New abortion ruling endangers women

By Eric Naing

The Christian right put all its chips on President Bush, and now it is time to cash them in. Last week, the Supreme Court upheld a federal law that bans dilation and extraction abortions. Seen as a first step in the path to banning all abortion, this ruling represents the disturbing influence the Christian right still has over the federal law of the United States.

The dilation and extraction procedure, often referred to by the decidedly non-medical term “partial birth abortion,” is when an intact fetus is delivered into the vaginal canal and then removed. The procedure is used so that women can avoid going through a delivery that may seriously impair their health. Though making up less than 0.2 percent of all abortions performed in the United States, social conservatives have relentlessly tried to ban it with the ultimate goal of banning all abortion.

This decision by the SCOTUS has frightening ramifications for the rights and safety of women now and in the future. In the short-term, the law banning dilation and extraction abortion has denied women a procedure that could potentially save their lives.

In the long-term, this decision by the Supreme Court reverses three decades of precedent which deem a woman’s health to be just as important as her life. As Justice Ginsburg wrote in her dissent, “for the first time since (Roe v. Wade), the Court blesses a prohibition with no exception safeguarding a woman’s health.” Equally frightening is the fact that the legislation upheld by the Supreme Court defines partial birth abortion in such vague terms that other more common abortion procedures could conceivably be banned under it.

When you ignore the moralistic babble about protecting the sanctity of life it becomes clear that this abortion fight reeks of politics. Instead of using the medically sanctioned term “dilation and extraction,” the pro-life crowd uses the horrific sounding phrase “partial birth abortion.” Instead of taking a principled stand against Roe v. Wade, pro-lifers chip away at women’s rights in the shadows. In the end, we need to realize that this issue is about the rights and health of women, not about politics.

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    The catalyst for this situation was centrist Sandra Day O’Connor’s retirement from the Supreme Court and the appointments of conservative Justices Roberts and Alito. This rightward shift of the SCOTUS is the result of decades of work on behalf of the Christian right and will profoundly affect us for decades to come.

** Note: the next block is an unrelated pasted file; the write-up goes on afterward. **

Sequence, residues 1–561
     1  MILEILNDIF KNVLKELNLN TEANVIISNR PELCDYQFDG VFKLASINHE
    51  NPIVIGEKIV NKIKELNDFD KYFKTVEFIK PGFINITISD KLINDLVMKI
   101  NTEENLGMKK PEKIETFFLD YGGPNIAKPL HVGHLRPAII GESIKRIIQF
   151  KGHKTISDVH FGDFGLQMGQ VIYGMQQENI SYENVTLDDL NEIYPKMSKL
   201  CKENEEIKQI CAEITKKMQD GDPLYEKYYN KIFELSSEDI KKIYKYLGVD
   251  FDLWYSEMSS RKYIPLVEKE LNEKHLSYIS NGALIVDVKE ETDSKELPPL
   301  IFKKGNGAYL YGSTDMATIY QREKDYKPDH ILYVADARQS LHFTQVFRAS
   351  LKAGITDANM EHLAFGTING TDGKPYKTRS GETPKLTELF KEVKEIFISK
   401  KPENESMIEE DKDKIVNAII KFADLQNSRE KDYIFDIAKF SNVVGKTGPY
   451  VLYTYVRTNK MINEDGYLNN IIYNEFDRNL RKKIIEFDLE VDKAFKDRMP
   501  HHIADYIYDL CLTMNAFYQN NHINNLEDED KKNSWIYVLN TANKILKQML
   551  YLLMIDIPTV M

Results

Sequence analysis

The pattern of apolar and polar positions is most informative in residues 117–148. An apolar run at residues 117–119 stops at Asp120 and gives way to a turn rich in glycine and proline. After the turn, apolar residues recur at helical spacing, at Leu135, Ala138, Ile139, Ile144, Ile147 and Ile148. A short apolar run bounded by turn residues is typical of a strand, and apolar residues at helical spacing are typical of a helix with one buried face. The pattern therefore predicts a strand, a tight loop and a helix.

But it is not just the Supreme Court that has been targeted, the lower courts and the Justice Department have both been populated with judges and lawyers that toe the line of the Christian right. It should not matter what religion a federal prosecutor is, but the Bush administration has shown a willingness to put ideology above the law.

    The recent scandal over the eight fired federal prosecutors has shown that this administration has no problem politicizing the Justice Department and has highlighted the extent to which the Christian right has infiltrated the judicial system; 150 graduates of televangelist Pat Robertson’s 4th tier law school at Regent University have been hired by the federal government.

    Monica Goodling, a Regent alumna now embroiled in the prosecutor scandal, was even picked by President Bush to monitor the job performances of the 93 U.S. Attorneys working for the Justice Department despite having no prosecutorial experience.

    The collision of religion and law not only corrupts government, but also cheapens religion. The abortion debate has been hijacked by religious interests. At its core, the issue about abortion is the health and rights of women, and not moralism.

    As has been demonstrated by their positions on not only abortion, but also the stem cell debate, same-sex marriage, evolution, the Terri Schiavo tragedy and sex education, this administration and the Christian right have no problem ignoring science, hard facts and simple logic in favor of ideological appeals.